Halloween will be celebrated on Saturday in Belmar, N.J. I suppose the Belmar kids will have a good time, regardless — better late than never, when it comes to kids and their candy. But it’s hard to imagine the grownups really putting their hearts into caramel apples or ghost lollipops, after all the losses suffered there.
Hurricane Sandy hit some people hard here on the East End, too, and it damaged a number of properties severely, but all we need do to grasp how lucky we are is to look UpIsland. I’ve never been to Long Beach or Breezy Point, but these Long Island communities are frightening examples of just how terrible a storm can be. We have been expecting the Big One for decades — The Star has never stopped beating the drum about hurricane preparedness — and it finally arrived, only this time the South Fork did not bear the brunt. There but for the grace of God. . .
My family spent some time in the beach-and-boardwalk town of Belmar, during a couple of summers when I was small. Newark, also slammed, is across the river from Bayonne, my hometown. Staten Island, which is across the Kill van Kull from Bayonne, is where my high school friends and I used to hike. Bayonne, a backwater of sorts, was still in an official state of emergency six days after Sandy, and, in the Silver Lake section of Belmar, the streets were still flooded.
By the time you read this, most of these coastal communities will have started receiving contributions of food and clothing, and those who lost their homes will, for the most part, have at least a temporary roof of some sort over their head. Meanwhile, volunteers have pitched in to clean up debris, to check on the elderly and otherwise vulnerable, to pump out water from basements. Social media is fueling this new kind of disaster relief: the self-organized, spontaneous coming together of strangers.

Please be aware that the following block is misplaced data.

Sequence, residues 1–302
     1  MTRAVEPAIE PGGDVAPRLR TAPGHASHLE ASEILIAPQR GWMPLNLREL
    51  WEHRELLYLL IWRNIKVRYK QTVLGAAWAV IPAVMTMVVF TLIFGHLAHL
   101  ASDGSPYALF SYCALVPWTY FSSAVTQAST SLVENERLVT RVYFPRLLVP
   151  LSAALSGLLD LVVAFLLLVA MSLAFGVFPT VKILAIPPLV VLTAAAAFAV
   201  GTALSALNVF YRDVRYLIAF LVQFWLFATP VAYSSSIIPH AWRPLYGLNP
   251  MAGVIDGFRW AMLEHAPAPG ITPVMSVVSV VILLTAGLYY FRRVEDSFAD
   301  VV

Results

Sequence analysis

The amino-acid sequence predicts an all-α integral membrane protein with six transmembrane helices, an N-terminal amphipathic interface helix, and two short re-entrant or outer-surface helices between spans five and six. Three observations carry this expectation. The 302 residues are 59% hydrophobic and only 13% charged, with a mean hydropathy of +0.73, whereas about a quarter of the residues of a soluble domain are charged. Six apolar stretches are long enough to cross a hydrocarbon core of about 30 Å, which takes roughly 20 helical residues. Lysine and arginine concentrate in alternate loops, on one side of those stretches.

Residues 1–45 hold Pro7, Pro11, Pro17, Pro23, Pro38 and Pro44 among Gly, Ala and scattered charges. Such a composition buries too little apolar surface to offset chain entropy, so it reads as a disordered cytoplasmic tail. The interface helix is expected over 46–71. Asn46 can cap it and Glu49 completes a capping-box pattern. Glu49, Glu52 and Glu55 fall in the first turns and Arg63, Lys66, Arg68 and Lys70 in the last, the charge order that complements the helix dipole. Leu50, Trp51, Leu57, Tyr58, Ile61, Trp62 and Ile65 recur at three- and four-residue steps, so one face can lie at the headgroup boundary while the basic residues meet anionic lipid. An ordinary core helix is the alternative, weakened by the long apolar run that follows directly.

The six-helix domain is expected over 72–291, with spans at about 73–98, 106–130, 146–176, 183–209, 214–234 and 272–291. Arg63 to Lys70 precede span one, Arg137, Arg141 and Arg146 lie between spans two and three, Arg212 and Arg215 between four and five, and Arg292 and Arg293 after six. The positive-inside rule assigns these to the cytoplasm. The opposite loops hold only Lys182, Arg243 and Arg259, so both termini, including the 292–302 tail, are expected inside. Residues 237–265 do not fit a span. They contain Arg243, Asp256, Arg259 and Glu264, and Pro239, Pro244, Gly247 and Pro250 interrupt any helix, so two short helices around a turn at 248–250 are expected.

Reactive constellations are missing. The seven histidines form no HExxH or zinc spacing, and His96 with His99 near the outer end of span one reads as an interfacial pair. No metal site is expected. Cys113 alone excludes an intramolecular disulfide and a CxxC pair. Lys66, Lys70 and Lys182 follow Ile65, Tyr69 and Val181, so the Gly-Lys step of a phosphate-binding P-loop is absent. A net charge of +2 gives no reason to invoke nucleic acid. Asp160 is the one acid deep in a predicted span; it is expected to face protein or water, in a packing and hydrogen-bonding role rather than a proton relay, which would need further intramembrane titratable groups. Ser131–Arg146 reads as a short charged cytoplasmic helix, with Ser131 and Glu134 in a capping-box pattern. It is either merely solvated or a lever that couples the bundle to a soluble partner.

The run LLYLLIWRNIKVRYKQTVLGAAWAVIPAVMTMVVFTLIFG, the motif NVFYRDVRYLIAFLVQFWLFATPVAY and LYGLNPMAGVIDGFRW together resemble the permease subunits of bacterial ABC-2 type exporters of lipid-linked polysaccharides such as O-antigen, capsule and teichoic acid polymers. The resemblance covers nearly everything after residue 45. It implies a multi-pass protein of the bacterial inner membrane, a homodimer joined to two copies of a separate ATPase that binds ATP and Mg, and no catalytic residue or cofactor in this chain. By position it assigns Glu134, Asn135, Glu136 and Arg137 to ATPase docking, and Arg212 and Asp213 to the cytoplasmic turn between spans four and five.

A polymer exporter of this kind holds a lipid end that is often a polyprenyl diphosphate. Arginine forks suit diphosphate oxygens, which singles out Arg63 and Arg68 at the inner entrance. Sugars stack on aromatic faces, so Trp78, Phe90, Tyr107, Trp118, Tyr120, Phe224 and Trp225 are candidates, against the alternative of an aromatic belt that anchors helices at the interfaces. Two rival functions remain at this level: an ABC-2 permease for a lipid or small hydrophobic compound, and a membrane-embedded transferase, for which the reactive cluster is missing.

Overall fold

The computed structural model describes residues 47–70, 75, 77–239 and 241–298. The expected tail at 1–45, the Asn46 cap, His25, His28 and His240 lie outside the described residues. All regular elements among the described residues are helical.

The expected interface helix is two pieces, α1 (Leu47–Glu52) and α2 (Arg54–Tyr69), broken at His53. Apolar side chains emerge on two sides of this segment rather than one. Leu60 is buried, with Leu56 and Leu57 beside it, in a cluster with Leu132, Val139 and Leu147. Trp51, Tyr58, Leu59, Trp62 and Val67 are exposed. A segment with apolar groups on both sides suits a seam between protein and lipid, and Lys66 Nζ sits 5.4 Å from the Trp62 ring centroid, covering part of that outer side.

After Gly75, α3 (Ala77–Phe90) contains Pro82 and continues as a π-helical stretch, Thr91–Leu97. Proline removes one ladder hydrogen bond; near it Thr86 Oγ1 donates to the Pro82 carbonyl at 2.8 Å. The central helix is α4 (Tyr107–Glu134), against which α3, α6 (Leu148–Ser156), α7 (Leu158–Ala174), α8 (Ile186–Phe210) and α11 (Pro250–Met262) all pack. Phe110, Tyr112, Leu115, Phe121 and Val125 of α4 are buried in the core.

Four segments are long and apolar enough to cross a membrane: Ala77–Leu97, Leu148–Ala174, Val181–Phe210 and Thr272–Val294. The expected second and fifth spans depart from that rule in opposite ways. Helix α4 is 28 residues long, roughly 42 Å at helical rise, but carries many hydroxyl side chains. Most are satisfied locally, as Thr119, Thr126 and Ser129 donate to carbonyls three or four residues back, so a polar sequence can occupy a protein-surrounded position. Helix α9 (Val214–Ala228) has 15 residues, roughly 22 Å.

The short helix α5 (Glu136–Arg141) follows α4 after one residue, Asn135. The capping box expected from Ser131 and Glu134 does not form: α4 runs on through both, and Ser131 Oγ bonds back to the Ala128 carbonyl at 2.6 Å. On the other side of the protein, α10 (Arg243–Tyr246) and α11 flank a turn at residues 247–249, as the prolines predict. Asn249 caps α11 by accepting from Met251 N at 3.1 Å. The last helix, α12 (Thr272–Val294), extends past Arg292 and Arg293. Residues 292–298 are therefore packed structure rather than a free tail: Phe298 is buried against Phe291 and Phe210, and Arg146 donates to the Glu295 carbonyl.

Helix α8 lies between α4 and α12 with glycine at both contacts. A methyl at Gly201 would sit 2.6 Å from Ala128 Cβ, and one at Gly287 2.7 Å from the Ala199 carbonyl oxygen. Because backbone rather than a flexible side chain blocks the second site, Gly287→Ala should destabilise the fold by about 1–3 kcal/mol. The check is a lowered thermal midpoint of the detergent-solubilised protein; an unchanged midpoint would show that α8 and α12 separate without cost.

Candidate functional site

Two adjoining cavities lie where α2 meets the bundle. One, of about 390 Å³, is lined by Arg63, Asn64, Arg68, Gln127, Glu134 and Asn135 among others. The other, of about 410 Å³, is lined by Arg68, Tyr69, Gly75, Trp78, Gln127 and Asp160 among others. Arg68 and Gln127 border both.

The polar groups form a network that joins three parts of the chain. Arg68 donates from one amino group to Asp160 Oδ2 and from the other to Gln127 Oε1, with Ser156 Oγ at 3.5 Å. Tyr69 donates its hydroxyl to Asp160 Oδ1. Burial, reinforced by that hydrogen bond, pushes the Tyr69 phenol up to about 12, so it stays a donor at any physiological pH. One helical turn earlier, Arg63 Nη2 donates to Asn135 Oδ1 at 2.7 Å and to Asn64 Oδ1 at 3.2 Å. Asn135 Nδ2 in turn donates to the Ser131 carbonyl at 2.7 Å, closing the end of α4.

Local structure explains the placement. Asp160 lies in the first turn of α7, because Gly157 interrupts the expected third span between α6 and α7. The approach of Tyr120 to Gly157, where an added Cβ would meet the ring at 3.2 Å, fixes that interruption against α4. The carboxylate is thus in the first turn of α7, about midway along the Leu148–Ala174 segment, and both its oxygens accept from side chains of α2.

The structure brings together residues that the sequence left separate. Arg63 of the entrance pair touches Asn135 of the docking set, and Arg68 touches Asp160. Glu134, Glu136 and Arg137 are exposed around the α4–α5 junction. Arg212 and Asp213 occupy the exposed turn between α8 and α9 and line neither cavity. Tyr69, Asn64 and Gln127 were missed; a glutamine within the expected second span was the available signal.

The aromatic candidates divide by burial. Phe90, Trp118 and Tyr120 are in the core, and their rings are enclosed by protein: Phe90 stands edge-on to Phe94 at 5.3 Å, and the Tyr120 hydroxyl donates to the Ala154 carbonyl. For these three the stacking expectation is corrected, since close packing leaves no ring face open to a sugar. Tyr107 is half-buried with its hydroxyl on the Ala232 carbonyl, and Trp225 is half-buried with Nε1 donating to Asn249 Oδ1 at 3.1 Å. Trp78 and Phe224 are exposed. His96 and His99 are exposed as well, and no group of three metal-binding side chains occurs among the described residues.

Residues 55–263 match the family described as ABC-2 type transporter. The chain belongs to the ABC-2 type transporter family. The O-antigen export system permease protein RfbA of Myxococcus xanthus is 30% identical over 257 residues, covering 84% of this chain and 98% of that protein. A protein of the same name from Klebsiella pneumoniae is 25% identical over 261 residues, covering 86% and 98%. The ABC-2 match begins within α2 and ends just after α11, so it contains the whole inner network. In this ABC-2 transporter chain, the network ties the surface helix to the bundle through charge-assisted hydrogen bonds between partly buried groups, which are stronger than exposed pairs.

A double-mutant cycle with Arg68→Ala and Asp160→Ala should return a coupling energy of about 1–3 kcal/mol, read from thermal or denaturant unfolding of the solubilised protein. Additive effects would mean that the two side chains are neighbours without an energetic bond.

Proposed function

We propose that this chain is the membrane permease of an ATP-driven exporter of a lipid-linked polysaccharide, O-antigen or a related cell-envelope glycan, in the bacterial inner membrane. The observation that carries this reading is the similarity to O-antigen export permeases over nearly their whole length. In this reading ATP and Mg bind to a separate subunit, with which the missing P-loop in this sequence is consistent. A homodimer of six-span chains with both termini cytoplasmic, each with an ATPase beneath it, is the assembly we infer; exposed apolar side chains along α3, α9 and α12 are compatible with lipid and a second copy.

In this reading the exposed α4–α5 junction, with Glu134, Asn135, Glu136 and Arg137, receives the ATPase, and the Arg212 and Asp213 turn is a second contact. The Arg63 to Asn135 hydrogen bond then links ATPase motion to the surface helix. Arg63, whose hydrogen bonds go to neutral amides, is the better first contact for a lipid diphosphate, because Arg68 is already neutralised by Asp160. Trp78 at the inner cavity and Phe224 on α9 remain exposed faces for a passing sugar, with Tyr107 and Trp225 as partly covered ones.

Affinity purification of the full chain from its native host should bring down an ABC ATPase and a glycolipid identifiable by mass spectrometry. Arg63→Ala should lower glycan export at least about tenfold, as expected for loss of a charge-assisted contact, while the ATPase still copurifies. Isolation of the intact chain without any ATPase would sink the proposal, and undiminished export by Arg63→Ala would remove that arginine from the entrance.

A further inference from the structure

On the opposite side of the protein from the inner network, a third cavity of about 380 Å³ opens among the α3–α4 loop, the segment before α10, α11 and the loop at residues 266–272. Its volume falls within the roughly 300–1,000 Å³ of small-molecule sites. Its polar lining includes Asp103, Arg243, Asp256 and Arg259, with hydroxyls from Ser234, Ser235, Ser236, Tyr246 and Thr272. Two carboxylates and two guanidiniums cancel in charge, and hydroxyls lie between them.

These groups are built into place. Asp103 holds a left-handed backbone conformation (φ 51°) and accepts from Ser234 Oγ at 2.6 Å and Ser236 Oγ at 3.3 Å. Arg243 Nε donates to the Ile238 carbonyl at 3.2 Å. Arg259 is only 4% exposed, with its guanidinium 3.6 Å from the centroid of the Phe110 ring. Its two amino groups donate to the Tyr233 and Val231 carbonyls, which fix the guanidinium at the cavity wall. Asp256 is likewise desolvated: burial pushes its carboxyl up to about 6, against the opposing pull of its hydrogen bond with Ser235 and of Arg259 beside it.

(Those of us who want to help from afar have been sending cash. It is easy, these days, to donate. You can even send money by text. Among the familiar working with the displaced are: Habitat for Humanity, the Red Cross, United Way, Catholic Charities, and the Jewish Federations of North America. Others, closer to the ground, are the Community Food Bank of New Jersey and the Mayor’s Fund to Advance New York City.)
No one knew on Tuesday what effect the ravages of the storm would have on the election, but early reports were that voting was heavy along the Jersey Shore and in other metropolitan areas where the damage was extreme, and where temporary polling places had been established amid confusion.
CBS News reported that the first voter to arrive at a polling place in Little Ferry, N.J., got there 13 minutes before the polls opened. The storm had claimed his apartment and car, even though Little Ferry is not on the shore, but when asked why he was there so early, he said, “It’s important because it’s our day. No matter what happens — hurricanes, tornados — it’s our day to vote.”